10. [quote name='CableGuy' timestamp='1308661038' post='4825954'] d is the distance of the plane from the origin - (0,0,0). So d is a property of the plane and does not depend on any other value. To define a plane you need a normal. But that is not enough. There is an infinite amount of planes sharing the same normal. Adding d makes the plane unique. But it doesn't matter too much what d represents as long as you follow the two equations that define a plane and a ray. [/quote] I take the equation: ax + by+cz +d = 0 d = -(N*vertexOnThePlane) t = -(rayOrigin * normal) - d => -((rayOrigin *normal) + d) p = rayOrigin + tD EDIT: it works! Thank you so much for everything.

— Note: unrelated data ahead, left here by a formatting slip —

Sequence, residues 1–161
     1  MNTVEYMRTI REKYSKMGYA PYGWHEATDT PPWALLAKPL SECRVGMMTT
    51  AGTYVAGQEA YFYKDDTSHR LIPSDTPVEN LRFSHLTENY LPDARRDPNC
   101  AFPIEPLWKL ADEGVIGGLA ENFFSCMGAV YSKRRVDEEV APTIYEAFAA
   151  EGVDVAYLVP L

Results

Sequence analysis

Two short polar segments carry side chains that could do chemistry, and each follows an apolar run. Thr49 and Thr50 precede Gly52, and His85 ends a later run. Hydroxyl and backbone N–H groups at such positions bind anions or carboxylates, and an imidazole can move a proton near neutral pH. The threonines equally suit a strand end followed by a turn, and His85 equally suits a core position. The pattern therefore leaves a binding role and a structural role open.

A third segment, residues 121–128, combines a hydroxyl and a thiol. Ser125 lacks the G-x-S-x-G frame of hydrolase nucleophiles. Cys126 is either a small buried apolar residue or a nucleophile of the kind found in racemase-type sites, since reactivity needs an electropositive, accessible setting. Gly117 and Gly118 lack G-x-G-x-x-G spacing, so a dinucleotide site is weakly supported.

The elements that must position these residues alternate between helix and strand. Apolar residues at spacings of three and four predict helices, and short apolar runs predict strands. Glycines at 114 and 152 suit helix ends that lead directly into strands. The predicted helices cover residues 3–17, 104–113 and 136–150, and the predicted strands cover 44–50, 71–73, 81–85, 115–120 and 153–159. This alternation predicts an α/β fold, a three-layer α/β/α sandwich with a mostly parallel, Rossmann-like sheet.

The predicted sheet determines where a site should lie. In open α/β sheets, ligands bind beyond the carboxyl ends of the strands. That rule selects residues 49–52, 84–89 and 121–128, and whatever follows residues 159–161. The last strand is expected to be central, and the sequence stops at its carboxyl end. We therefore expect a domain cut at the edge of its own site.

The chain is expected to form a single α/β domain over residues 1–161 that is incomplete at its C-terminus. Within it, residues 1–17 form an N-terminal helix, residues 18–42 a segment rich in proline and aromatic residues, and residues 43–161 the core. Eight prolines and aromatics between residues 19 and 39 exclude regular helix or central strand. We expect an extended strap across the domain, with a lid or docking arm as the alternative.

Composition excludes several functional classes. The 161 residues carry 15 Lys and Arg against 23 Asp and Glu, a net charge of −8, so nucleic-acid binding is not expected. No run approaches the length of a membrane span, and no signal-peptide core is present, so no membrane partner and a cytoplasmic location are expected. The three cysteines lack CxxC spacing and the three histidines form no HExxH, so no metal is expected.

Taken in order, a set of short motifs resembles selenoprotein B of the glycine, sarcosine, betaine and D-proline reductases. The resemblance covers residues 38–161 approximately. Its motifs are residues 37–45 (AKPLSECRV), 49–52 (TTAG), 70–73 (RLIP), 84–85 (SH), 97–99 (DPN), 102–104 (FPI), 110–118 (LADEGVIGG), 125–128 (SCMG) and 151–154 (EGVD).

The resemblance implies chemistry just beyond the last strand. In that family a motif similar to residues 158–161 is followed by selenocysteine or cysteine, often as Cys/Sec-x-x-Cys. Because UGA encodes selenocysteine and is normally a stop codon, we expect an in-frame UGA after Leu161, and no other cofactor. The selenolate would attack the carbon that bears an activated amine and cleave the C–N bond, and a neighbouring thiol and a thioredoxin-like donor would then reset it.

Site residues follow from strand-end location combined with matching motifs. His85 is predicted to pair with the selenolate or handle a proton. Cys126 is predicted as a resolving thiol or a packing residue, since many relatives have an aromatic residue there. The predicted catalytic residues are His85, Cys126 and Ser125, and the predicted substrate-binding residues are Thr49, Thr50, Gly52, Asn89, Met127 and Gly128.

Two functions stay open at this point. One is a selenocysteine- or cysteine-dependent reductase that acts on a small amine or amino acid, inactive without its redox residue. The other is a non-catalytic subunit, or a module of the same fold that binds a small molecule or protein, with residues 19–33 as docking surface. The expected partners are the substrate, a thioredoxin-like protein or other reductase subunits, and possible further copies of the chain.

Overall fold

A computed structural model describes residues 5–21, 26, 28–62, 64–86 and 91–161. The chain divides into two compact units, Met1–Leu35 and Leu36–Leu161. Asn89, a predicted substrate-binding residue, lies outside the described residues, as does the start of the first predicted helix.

11. [quote name='CableGuy' timestamp='1308658833' post='4825934'] Taking the plane equation as ax + by + cz - d = 0 we get that d = ax + by + cz so by substituting a,b,c by the plane normal and x y z by some point on it we get d. Then we know that: t = (d - O*n) / (D * n) where t is the distance along the ray direction, O is the ray origin, D is the ray direction, n is the plane normal and d is the value we calculated above. [quote]calculate distance: d = abs((vertex3 - rayOrigin) . normal); vertex3 is one of the 3 vertices on the plane[/quote] So, d should be either vertex3 * normal or -(vertex3 * normal) depending how you wrote the plane equation. [quote]calculate V0: -(normal . rayOrigin + distance)[/quote] Again V0 should be either d - rayOrigin * normal or rayOrigin * normal - d. Make sure you understand the equations and follow the calculation. [/quote] Im little confused: Isn't d distance from an origin point to the plane? Btw, I am very grateful that you are helping me despite my stupidity.